September 11-March 1: Former 9/11 Commissioners in Armenia to help with unrest probe

Three experts who served on or for the 9/11 Commission in the United States have been holding meetings at the National Assembly Tuesday “to convey information and insights about the lessons learned from the U.S. experience” to Armenian counterparts conducting the probe into the post-election unrest.

Christopher Kojm, Michael Hurley and John Farmer, all of whom participated in the U.S. National Commission on Terrorist Attacks Upon the United States (more commonly known as the 9/11 Commission), presented to the Armenian ad hoc commission looking into the March 1-2 events the guidelines and mission of the 9/11 Commission.

The experts said their main purpose was to present the whole story to the American public in detail.

They stressed that the Commission report “would have no value hadn’t the public participated in the fact-finding work.”

Another circumstance that helped the credibility of the Commission’s work, according to its former members, is that it enjoyed public trust, had equal representation of all parties and its involved members were retired leaders who bore no responsibility to the incumbent authorities and “had been selected based on their expert knowledge rather than according to party affiliation.”

March 1-2 Commission Chairman Samvel Nikoyan thinks that while the two commissions “have many things in common”, the fundamental difference is the issue under review.

“We have one fundamental difference – they investigated a national tragedy that concerned external aggression… And we are investigating an internal political issue, because the public and political field show a polarized approach,” Nikoyan said. “For this reason, political influences and public opinion pressures on our commission are rather great.”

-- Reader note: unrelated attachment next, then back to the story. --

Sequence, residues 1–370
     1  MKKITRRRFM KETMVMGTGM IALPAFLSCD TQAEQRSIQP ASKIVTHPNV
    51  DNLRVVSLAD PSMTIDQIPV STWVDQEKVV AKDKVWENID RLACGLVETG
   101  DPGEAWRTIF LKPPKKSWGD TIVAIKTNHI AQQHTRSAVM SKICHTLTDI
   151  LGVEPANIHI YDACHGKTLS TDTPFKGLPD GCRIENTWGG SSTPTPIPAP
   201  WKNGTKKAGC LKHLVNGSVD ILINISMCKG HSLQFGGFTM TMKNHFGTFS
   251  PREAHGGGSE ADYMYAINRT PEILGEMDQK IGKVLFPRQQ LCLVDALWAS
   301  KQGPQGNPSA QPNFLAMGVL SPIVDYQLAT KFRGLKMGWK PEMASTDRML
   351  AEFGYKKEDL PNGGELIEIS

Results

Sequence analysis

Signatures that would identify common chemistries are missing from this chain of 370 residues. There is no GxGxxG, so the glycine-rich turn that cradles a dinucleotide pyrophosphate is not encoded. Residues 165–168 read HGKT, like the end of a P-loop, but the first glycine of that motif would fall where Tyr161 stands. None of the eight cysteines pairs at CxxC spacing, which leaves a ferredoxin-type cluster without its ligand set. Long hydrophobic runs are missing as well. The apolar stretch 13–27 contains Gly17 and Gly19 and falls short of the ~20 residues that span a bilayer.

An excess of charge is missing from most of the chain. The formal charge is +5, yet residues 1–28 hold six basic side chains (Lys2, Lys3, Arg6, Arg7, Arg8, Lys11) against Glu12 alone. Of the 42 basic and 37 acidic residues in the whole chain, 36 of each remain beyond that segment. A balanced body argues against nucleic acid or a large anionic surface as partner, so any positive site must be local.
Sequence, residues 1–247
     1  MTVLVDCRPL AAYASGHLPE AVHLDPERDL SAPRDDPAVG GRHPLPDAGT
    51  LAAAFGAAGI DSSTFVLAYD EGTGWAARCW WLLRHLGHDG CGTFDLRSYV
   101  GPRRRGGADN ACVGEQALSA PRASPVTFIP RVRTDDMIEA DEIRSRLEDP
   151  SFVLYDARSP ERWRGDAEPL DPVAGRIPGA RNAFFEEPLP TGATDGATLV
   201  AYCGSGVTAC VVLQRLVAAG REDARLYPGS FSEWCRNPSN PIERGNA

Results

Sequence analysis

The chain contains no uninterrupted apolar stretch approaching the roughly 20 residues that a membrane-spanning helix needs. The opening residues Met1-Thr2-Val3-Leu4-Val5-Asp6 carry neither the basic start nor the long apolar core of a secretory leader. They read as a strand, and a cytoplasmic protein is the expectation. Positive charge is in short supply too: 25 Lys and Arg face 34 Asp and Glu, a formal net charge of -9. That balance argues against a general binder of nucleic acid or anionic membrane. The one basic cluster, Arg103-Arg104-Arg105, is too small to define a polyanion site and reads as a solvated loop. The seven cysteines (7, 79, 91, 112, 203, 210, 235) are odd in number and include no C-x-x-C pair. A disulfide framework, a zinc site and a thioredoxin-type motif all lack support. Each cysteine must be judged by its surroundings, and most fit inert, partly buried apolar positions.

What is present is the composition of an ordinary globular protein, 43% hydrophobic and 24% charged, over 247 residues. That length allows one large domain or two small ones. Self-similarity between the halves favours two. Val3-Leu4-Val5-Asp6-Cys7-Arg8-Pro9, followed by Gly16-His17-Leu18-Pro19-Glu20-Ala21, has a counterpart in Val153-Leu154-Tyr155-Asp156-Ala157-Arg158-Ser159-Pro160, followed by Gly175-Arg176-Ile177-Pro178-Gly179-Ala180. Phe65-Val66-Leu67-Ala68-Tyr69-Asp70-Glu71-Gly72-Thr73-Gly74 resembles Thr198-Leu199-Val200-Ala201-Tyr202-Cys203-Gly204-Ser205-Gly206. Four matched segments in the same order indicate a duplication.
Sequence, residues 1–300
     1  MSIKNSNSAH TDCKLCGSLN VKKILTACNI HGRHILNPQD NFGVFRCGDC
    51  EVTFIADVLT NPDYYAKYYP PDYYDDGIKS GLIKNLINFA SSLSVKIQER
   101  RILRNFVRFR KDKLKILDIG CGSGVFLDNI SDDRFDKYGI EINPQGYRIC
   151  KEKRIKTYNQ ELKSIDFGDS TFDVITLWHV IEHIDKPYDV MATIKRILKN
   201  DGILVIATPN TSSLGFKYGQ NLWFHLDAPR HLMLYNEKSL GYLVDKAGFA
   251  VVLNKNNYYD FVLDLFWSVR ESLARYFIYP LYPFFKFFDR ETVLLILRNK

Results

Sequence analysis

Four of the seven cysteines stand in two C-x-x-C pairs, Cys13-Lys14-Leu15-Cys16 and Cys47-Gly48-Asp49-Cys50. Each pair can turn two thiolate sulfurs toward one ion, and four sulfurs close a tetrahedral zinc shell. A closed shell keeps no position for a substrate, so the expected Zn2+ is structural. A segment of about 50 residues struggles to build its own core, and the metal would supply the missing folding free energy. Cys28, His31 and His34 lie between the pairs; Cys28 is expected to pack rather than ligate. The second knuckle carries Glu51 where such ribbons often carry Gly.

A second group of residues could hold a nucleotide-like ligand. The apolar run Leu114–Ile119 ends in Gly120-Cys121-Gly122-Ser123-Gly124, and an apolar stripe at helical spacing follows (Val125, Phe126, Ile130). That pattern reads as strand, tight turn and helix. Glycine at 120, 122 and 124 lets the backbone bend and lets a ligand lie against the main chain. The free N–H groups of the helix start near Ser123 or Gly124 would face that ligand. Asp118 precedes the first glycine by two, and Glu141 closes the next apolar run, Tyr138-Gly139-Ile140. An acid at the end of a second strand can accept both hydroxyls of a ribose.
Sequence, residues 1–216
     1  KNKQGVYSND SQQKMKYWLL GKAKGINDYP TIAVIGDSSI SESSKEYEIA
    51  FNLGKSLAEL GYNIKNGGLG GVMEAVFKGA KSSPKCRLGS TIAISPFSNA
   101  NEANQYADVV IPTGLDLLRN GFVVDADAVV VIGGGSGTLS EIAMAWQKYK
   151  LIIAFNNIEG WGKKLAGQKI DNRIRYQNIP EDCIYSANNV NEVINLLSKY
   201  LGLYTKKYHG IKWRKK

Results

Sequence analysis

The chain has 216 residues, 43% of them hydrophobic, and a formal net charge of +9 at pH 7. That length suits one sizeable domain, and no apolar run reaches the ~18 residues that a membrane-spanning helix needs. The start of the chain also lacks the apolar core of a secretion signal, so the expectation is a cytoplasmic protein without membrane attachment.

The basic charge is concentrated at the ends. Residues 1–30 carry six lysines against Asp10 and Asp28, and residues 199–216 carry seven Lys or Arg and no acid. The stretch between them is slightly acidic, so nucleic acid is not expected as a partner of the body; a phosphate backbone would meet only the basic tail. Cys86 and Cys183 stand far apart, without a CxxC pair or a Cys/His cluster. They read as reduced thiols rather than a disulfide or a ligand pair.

The idea for such a visit by US experts was first proposed to Armenian officials by Assistant Secretary of State David Kramer during his visit to Yerevan last June.

While in Yerevan the experts will hold meetings not only with Commission members, but also with different officials and the country’s Prosecutor-General. However, according to a statement released by the US Embassy, they “will not directly assist in any inquiry or investigation concerning events in Armenia. They will not conduct an assessment or report about the efforts underway in Armenia.”

“The Commission should find its own way, we can only speak about our experience,” Kojm said.

The event gave rise to discussions across Armenia’s political field.
Arman Musinyan, a spokesman for Armenia’s first president and current opposition leader Levon Ter-Petrosyan, questioned the purpose of the experts’ visit.

“If they are not involved in the commission, if they are not going to make any assessment or present any report, what usefulness can we talk about then? They have come to tell about their memories, so let them do that,” Musinyan told ArmeniaNow.

Anahit Bakhshyan, a member of the sole opposition Heritage faction in the Armenian parliament and head of the party’s political council, says that the March 1-2 commission wants to legitimize its activities with the visit of the experts.

“They want to show that they are doing work, but as a matter of fact, it cannot be useful,” she says.

Meanwhile, Suren Surenyants, a senior member of the radical opposition Hanrapetutyun party, expresses a hope that the arrival of the experts “will force the commission to make fewer distortions.”

“The fact of the sending of experts is important. It means that the outside world has serious mistrust towards the commission and this will perhaps have a sobering effect on them,” Surenyants told ArmeniaNow.